Anderson’s game-winner off Twins reliever Trevor Hildenberger was set up an inning earlier when rookie Yoan Moncada doubled in the tying run while batting right-handed against Taylor Rogers.

“I think it’s a big lift,” Renteria said. “We were talking about how they were trying to be able to do something with the secondary pitches. Obviously, they did both. Obviously, it’s a confidence builder, both of them getting big hits, one to tie and one to go ahead. We were sitting in there today in the last at-bat going, ‘Man, we really want this for Timmy right here.’ Big situation, see how he does and fortunately he was able to get it through the infield.”

Renteria and the coaching staff weren’t the only ones who wanted to see how Anderson would fare in the moment. The second-year player had a sense from the dugout how it all would play out after Avisail Garcia led off the inning with a single to right field. Renteria had Kevan Smith bunt Garcia into scoring position, which led to an intentional walk of Yolmer Sanchez. Sanchez’s free pass brought up Anderson, who had one hit in his last 20 at-bats, including a bases-loaded strikeout in Tuesday’s loss.

“I wanted that moment,” Anderson said.

Before the game, Anderson had a lengthy conversation in the tunnel between the clubhouse and the dugout with hitting coach Todd Steverson. Anderson said much of the discussion surrounded his season and the ways he could benefit from everything he has endured.

Anderson struggled early this season and then battled some more as he dealt with the sudden death of close friend Branden Moss, who was killed in May while trying to help an assault victim. With the help of a counselor, Anderson began to rebound in August, posting a .976 OPS in the first 16 games of the month.

He followed that with another downturn that carried into Wednesday’s game.

“We really were just figuring out who I am and kind of learning from this year,” Anderson said of his discussion with Steverson. “Talking overall about everything that has been going on this year and kind of how I’m maturing as a hitter, just to really get better.”

Anderson shook off three hitless at-bats when he stepped up in the ninth. He had struck out on three pitches in the third inning before, grounded out in the fifth and popped out on the first pitch he saw with the tying run aboard in the seventh.

But Anderson made sure none of that mattered in the ninth.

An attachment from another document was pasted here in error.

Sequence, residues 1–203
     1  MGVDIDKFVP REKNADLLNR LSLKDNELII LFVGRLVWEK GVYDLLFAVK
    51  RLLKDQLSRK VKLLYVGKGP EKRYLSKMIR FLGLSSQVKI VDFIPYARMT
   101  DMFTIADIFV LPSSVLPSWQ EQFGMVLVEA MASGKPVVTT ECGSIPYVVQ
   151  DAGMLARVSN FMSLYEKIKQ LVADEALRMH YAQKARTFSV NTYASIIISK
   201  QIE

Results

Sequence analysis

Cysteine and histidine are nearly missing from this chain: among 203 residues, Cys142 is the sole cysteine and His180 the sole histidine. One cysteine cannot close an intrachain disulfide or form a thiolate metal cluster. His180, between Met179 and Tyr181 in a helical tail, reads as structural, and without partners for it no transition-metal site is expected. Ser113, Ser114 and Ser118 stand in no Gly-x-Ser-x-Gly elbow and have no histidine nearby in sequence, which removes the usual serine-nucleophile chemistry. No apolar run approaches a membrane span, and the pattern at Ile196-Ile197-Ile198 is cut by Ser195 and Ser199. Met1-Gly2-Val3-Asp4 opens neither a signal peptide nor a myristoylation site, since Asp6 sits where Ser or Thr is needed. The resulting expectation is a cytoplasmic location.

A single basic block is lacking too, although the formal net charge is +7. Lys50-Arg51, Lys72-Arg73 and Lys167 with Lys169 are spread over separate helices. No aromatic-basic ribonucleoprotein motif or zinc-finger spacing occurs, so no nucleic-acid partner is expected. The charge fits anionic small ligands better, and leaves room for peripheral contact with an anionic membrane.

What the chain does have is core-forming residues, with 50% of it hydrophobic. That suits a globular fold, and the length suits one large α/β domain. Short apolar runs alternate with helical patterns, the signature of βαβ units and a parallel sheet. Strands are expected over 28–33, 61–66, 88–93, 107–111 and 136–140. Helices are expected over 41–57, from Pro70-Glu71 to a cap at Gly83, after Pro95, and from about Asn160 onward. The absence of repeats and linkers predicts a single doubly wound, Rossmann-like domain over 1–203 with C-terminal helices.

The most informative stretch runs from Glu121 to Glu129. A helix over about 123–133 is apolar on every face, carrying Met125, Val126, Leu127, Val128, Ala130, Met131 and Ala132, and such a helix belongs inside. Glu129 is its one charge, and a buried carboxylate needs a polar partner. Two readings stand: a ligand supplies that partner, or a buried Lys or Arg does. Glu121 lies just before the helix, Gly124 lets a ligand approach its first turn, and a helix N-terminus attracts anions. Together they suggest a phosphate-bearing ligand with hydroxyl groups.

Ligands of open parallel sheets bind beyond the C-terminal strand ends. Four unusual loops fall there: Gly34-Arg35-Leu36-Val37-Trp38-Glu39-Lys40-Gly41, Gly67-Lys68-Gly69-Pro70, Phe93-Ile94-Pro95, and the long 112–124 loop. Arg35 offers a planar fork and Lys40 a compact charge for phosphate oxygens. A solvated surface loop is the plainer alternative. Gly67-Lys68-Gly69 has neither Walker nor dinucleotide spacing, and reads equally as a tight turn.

After he took a first-pitch changeup for a ball, Anderson ripped Hildenberger’s next offering, which caught too much of the plate, into the hole. Running all the way, Garcia raced home and scored when Eddie Rosario’s throw went offline. White Sox players then chased down Anderson and Jose Abreu dropped a full bucket of Gatorade on Anderson’s head with the help of Sanchez, who held him in place.

“I put the first three at-bats behind me and came up big,” Anderson said. “It was an exciting moment. I’m going to enjoy it and wear it until tomorrow.”

Ditto for Moncada, who produced only his second extra-base hit from the right side all season long. While Moncada entered the contest with an .886 OPS against right-handed pitching, he had just a .327 OPS against southpaws. But Moncada took advantage of Leury Garcia’s one-out double even after he fell behind in the count 0-2. Moncada worked the count even, fouled off a fastball and then ripped a curve from Rogers inside the third-base line to tie the game.

“I like the pressure,” Moncada said through an interpreter. “I like being in some at-bats with the game on the line, because that’s something that you can change the course of the game. I like to be that guy, and I like to be the guy to help to win games. I like to get those chances.”

WATCH: Tim Anderson records first career walk-off hit in White Sox win over Twins

WATCH: Tim Anderson records first career walk-off hit in White Sox win over Twins

Wednesday night featured another edition of #RICKYSBOYSDONTQUIT, and a rally unicorn!

Tim Anderson completed the White Sox comeback by recording his first career walk-off hit — a single — in a 4-3 win over the Minnesota Twins at Guaranteed Rate Field.

With the White Sox trailing 3-2 in the eighth inning, Yoan Moncada tied the game with an RBI double.

In the ninth, Avisail Garcia opened the inning with a single. Kevan Smith's sac bunt moved Garcia to second and Yolmer Sanchez was intentionally walked. 

With two on and one out, Anderson hit a grounder past the shortstop and the 26-year-old All-Star got on his high horse to come around and score, securing the White Sox 49th win of the season.

The comeback actually started with the presence of a rally unicorn, when the South Siders were down 3-2 in the eighth.

Hands down, the rally unicorn beats any rally animal.

And get that girl some season tickets, White Sox.